Knoxville, Tennessee, was home to several major companies that went bankrupt or closed facilities during the recession. The city's major university, the University of Tennessee, Knoxville, continued to be a stronghold of jobs, and through its vibrant student population, was able to serve as a continual economic base.

New global collaborations

Further afield, the opening of the UCL Big Data Institute in London, as well as the increase in science research in Amsterdam, and Singapore's stature as a major research center, are fueling the competition between cities and countries for the brightest and best research talent.

Recently, Elsevier entered into a partnership with Forum48, a 48-month international collaboration of government, higher education, business and the real estate community. Its mission is to bridge the disconnect between city stakeholders and provide a forum by which the key players in urban development can take concrete steps to build local networks that include research universities as part of the economic conversation.  

Elsevier contributes by using its access to empirical data on research universities, and its ability to analyze this data and create asset maps that visualize an institution's unique strengths. These maps can serve as a single point of entry for business, industry, community groups, NGOs and government agencies to discover researcher expertise and resources associated with the universities in a given metropolitan area. This invaluable resource will enable new cross-sector collaborations and new economic development initiatives catalyzed by these collaborations.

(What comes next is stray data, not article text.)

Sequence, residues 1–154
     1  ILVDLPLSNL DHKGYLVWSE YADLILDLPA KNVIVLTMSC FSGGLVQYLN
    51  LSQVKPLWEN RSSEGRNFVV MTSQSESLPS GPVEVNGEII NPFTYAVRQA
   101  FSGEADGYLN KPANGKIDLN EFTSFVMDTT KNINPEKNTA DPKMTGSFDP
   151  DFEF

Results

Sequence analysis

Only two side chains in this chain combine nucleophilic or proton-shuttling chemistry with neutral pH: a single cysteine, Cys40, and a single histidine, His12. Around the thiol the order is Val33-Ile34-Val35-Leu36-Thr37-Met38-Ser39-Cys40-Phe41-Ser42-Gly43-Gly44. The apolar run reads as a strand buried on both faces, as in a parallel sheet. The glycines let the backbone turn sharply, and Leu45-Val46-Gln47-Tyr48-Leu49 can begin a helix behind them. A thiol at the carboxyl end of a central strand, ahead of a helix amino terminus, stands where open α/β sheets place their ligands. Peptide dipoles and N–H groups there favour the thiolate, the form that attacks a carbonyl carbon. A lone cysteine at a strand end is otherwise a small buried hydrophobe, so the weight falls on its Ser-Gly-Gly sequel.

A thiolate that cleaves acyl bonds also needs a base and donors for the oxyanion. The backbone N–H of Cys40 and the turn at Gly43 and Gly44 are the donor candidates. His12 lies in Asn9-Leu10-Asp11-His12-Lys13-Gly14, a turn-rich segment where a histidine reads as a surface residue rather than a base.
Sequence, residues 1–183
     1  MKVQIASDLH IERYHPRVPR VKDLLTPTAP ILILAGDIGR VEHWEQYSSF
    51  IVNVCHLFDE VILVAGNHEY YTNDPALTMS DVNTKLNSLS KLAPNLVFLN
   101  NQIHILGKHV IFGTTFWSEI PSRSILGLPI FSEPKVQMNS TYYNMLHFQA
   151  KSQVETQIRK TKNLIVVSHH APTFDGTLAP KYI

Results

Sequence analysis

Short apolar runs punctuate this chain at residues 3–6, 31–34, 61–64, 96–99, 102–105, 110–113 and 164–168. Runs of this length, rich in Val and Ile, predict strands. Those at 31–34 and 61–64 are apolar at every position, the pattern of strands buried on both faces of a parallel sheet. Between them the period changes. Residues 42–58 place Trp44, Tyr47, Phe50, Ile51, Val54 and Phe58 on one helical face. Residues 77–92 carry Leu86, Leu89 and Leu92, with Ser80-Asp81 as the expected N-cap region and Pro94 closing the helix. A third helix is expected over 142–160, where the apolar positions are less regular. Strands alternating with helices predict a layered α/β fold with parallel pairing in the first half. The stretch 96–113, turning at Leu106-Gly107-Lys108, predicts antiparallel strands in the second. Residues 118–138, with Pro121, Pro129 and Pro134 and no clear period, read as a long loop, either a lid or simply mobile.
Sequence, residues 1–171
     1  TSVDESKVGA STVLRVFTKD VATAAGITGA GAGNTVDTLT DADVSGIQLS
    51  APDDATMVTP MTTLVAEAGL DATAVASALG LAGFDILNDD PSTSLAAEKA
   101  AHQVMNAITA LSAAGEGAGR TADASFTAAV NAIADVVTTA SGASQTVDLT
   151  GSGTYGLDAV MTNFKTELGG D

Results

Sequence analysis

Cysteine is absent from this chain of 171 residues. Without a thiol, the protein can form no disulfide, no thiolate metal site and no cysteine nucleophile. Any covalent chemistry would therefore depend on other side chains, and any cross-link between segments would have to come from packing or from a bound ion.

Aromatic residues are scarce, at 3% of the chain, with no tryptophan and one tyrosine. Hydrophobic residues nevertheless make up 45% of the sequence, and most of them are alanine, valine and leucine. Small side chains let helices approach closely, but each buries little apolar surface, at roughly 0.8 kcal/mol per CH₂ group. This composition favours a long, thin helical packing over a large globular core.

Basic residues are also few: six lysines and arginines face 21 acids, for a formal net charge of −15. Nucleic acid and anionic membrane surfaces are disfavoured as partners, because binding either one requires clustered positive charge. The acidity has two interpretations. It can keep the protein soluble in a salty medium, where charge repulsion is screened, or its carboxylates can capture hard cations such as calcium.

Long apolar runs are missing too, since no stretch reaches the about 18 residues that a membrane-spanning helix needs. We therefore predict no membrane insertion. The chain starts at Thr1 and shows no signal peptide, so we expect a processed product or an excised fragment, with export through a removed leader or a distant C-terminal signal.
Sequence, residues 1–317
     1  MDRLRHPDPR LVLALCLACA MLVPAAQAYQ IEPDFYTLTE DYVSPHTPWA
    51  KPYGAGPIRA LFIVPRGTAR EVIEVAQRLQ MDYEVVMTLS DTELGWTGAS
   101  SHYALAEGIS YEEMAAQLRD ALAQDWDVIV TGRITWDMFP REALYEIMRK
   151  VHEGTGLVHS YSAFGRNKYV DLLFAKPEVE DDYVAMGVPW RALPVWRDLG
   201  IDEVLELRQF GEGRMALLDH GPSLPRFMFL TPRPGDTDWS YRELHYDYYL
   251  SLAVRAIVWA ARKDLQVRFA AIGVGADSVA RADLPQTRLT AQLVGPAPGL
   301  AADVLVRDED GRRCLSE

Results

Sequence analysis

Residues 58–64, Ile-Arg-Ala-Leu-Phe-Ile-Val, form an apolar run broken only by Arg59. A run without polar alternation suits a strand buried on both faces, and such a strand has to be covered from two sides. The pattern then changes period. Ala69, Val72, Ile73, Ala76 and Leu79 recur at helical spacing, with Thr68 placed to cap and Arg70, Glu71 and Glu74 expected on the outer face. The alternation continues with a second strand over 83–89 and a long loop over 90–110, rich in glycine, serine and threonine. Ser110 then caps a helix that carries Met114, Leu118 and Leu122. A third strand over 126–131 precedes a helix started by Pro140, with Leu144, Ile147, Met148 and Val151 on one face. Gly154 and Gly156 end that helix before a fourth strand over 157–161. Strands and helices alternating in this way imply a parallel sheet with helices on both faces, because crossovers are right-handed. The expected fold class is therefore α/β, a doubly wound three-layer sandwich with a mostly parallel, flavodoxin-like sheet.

The first such conference dedicated to this collaboration was held in conjunction with the Urban Land Institute's Fall Meeting in Chicago in November. Subsequent events are planned for Amsterdam in the spring 2014 and perhaps in Hong Kong later in the year.

For Elsevier, this is our sweet spot and a great opportunity for new business development. By moving into a consulting role and providing original data analysis not readily available from any other source, we can help our university customers raise their profiles in their states and local communities. In the same way, we have the ability to help cities identify their research-related competitive advantages, which they can use to recruit and retain technology-based companies.

Once communities fully understand the opportunities their local universities can provide, they are more likely to support continued investment in research projects.

Cities, for all their problems, will continue to be hubs for economic growth, and regardless of social networking, people still need human contact. Young people will still want to experience the bright lights and excitement of cities; business and finance still want to interact with customers and suppliers in person; and local governments can deploy limited resources more efficiently in areas with concentrated populations.

In the 21st century, the ivory towers of academia will provide impetus for cities as they rebuild the steel towers of commerce, supporting one another in today's knowledge-driven economy of discovery and application.[divider]

The Author

Dr. Brad Fenwick joined Elsevier in 2012 as Senior VP for Global Strategic Alliances. Previously, he held research executive roles as Vice Chancellor for Research and Engagement at the University of Tennessee, Knoxville, where he also served as Professor of Pathobiology in the College of Veterinary Medicine, and VP for Research at Virginia Tech.

In 2011, he was named a fellow of the American Association for the Advancement of Science for distinguished contributions in the field of veterinary and comparative medicine, scientific association leadership, editorial review, and research program development and administration. He holds a Doctor of Veterinary Medicine (DVM) degree from Kansas State University and a PhD in comparative pathology from the University of California, Davis.